Although the law varies from state to state, most documents filed with a court—as well as settlement agreements and discovery documents that are not filed with the court in which the lawsuit is pending—are court records and are presumed open to the public. This includes documents and testimony that may include confidential, embarrassing, or sensitive information.
But in some circumstances judges have the authority to seal specific documents, or all documents, or to close hearings that would ordinarily be open to the public. And the burden of proof on a party seeking to restrict or seal court records in family law matters is generally lower than in other civil and criminal cases.
Potential reasons for sealing or restricting access to court records in divorce and other family law matters may include (1) protecting the identity of a victim of child abuse or sexual abuse; (2) protecting the disclosure of a spouse’s mental illness or addictions; (3) protecting against the disclosure of serious, false allegations that might otherwise constitute actionable defamation (libel or slander); (4) protecting victims and cooperating witnesses or informants from retaliation; (5) avoiding the release of information that might compromise an ongoing criminal investigation or a defendant’s due process rights; and (6) protecting classified information affecting national security.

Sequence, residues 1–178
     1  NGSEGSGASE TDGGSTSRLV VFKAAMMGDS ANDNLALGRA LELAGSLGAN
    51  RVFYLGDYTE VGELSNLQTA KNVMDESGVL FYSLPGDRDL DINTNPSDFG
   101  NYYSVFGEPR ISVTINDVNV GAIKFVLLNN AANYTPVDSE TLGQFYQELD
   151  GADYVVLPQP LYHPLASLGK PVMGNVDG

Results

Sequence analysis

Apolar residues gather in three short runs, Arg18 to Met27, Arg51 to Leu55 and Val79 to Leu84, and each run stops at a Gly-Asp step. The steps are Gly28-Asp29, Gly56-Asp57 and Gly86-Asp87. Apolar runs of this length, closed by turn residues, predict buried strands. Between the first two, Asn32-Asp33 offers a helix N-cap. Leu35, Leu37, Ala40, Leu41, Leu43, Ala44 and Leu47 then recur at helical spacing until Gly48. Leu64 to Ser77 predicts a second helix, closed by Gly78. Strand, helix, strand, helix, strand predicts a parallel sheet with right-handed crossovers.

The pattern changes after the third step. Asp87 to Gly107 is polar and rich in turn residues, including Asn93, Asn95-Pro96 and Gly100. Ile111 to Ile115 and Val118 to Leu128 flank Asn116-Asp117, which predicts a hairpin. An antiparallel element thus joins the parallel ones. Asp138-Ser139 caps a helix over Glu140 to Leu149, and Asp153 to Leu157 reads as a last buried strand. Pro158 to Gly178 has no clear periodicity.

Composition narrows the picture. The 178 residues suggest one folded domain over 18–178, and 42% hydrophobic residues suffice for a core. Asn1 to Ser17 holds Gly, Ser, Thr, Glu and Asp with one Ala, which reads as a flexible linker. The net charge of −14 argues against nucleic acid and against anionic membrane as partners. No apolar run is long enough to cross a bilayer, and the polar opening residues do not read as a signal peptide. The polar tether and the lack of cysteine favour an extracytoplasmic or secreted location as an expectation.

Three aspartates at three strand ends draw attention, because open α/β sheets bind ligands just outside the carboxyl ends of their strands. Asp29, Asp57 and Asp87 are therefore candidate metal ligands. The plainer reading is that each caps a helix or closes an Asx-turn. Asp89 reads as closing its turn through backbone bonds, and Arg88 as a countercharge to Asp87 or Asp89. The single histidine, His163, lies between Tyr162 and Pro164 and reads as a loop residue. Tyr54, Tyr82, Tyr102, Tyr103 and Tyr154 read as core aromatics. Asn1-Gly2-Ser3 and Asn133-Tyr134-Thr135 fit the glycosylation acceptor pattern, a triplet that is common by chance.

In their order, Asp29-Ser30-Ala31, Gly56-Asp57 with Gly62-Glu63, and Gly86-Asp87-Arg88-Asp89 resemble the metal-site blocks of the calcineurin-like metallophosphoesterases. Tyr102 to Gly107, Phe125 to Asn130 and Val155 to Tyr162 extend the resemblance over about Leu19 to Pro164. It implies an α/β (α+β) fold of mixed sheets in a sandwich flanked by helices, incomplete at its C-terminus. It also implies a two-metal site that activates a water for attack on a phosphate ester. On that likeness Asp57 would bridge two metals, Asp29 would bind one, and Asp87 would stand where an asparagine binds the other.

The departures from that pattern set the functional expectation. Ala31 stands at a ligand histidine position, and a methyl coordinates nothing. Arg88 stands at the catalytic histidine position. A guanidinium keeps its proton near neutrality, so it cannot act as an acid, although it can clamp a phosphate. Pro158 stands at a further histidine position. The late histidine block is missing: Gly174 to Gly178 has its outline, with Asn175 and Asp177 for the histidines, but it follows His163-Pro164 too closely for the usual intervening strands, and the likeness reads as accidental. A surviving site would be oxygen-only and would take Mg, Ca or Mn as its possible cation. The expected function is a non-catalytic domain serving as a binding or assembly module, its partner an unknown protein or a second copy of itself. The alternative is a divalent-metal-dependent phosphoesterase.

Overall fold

Laws regarding the sealing or restricting of access to court records vary from state to state and are usually located in a state’s statutes or rules of civil procedure, as interpreted and applied by the courts in appellate court opinions (common law).